Reply By: Member - Banjo (SA) - Monday, Mar 14, 2005 at 09:34

Monday, Mar 14, 2005 at 09:34
Well - I'm no scientist, so I make no authoritative comment on harmonics or anything else, but my main point is that Safarai claim improved air flow to the engine intake when their snorkel is fitted. This "might" be the case ... but there is drag associated with the snorkel's tubing - twist/turns/junctions etc. - and to add a restricting washer without advising the client, seemingly to fix a noise issue, may, in my view, find the engine breathing with less efficiency than the stock system. If that is the case, clients should know that !
AnswerID: 102338

Follow Up By: pjchris - Monday, Mar 14, 2005 at 11:33

Monday, Mar 14, 2005 at 11:33
As I said above the snorkel shape may actually hinder airflow with the resricter removed.

However...
To install such a device which WILL restrict airflow at higher revs witout telling the client to help solve a potential flat spot issue is just plain stupid.

there are far better ways to solve harmonic/noise issues than restricters. Witness those plastic boxes that go nowhere that hang of the side of the intake (between air filter and inlet manifold) on many vehicles. By changing the volume of the intake tube here they change the harmonics of the system as a whole. This is a far better way to do it. I suspect most Snorkel manufacturers don't have the equipment to design this solution thogh, so they build one, drive it, see they've got a problem and fit a restricter. Problem solved as far as they're concerned.

Lazy, just plain lazy. And cheap too. A bit like certain car makers that fit restricters to exhausts to improve Cat warm up time on ULP vehicles, or to avoid exhaust manifold resonance. Again the cheap, quick way out.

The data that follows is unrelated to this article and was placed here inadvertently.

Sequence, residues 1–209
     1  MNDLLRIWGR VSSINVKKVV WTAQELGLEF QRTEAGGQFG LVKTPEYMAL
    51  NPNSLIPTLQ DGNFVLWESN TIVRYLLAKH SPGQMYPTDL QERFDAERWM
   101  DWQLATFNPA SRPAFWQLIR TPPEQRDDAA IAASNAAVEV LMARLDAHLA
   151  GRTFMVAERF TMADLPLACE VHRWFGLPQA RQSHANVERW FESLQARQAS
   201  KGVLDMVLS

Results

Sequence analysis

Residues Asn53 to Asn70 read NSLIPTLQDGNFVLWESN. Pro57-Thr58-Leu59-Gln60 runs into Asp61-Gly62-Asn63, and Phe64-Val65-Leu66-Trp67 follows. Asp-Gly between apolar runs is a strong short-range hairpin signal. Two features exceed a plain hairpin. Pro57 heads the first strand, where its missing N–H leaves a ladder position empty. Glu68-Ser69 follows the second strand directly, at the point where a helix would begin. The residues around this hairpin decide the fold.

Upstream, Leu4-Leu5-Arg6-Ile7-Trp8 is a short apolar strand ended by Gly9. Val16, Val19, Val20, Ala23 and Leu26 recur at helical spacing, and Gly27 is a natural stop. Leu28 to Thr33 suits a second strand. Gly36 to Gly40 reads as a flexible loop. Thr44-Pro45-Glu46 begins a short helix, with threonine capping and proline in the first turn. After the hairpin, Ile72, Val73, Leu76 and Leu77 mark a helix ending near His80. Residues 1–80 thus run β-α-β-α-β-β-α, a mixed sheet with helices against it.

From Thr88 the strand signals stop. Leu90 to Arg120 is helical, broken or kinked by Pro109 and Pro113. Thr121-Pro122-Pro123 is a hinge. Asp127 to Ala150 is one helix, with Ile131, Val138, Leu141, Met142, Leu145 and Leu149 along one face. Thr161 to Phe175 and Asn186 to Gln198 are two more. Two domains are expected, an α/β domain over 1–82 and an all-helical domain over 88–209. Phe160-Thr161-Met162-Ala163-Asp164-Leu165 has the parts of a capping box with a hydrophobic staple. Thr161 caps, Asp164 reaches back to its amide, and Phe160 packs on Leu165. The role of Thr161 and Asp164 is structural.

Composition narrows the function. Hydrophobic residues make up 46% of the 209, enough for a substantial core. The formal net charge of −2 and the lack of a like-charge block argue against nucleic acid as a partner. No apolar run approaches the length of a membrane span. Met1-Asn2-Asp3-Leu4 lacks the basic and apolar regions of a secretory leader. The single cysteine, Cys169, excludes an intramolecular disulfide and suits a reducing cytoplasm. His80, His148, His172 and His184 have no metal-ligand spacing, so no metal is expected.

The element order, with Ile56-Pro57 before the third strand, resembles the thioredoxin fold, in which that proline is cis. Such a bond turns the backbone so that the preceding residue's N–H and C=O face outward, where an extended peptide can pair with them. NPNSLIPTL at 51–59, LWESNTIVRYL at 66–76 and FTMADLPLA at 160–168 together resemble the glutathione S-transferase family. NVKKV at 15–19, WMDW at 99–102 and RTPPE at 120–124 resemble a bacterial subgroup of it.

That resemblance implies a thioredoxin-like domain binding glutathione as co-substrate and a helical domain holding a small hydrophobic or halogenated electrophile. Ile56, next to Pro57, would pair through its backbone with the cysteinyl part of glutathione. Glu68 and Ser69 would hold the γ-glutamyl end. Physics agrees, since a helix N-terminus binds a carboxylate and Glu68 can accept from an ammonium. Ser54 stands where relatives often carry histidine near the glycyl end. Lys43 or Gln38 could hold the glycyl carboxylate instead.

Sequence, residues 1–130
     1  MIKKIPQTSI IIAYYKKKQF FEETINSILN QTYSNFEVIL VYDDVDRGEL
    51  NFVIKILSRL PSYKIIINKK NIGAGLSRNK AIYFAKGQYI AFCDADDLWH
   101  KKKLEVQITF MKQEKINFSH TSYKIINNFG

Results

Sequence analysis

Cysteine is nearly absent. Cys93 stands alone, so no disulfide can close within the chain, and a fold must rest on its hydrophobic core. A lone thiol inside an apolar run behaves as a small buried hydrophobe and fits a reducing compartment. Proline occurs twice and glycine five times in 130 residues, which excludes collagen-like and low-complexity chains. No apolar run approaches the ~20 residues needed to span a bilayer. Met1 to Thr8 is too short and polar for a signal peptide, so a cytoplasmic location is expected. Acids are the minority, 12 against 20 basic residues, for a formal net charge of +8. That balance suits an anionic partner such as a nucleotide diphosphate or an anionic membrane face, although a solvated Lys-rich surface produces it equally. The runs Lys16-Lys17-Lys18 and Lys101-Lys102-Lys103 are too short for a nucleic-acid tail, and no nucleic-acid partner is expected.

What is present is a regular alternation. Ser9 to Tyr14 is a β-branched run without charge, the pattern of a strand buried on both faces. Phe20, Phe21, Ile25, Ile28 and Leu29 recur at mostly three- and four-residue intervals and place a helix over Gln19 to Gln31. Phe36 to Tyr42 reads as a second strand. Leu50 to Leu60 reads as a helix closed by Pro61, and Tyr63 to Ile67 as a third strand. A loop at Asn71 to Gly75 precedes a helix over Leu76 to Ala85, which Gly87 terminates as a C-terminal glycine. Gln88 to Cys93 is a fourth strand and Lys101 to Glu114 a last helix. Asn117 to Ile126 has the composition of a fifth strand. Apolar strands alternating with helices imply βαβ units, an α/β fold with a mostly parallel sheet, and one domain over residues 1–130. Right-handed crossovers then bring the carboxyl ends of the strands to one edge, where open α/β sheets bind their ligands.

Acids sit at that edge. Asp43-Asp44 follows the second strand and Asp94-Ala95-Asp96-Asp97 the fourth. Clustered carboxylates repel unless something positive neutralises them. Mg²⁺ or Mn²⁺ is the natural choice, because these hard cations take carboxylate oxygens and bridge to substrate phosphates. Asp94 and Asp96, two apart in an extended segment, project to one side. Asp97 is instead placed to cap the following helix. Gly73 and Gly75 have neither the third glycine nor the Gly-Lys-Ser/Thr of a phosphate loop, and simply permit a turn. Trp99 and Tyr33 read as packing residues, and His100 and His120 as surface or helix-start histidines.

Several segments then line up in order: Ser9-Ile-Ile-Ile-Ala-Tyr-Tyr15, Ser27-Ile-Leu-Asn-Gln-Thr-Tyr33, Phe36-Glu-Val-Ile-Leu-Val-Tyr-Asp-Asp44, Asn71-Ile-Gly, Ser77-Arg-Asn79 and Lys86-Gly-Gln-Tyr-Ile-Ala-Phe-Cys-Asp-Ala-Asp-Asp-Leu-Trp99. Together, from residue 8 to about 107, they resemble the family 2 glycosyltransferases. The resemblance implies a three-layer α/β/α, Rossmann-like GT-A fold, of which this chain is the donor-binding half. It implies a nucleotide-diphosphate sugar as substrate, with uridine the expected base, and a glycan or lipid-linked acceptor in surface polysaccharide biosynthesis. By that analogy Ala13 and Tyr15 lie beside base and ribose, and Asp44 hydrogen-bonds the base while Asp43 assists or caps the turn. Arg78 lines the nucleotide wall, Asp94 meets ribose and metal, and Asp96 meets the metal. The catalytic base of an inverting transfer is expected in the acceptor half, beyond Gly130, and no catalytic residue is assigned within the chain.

Peter
0
FollowupID: 360093

Reply By: Member - Banjo (SA) - Monday, Mar 14, 2005 at 12:35

Monday, Mar 14, 2005 at 12:35
Indeed !
AnswerID: 102351

Reply By: Member - Jeff M (WA) - Monday, Mar 14, 2005 at 17:05

Monday, Mar 14, 2005 at 17:05
Ok I took the car for a drive yesterday and found that my Lukey exaust actually sounded slightly quieter under load at low revs, however when accelerating through the revs it actually was quite nice sounding instead of sounding all vacume cleaner like. You could actually here the burble.

As far as snorkel noise goes, the resonence is exactly the same at low revs, however I am getting a kind of sucking wind noise at higher revs (I can only here it with the window down) and you can actually here the turbo whistling a little bit if you listern carfuly when it's reving, which you could not here before.

Bascially the overall sound is more even instead of being loud at low revs and quieter at high revs, it's kind of evened out.

The responsivness at lower revs has increased quite a bit, being an auto it always drops back down to idle when you back off in city traffic, now when you put your foot back down it seems to get back up in the revs with less effort and quicker.

Of course this all may be phycological as I have no actual proof and of course my mind is thinking:Turbo Diesel - more air = more power. But hey, well see when the fuel figures start flowing in what difference it has really made, but for me I'm more than happy with the initial results of removing this peice o' crap and we'll see what happens next...
AnswerID: 102379

Sponsored Links

Popular Products (14)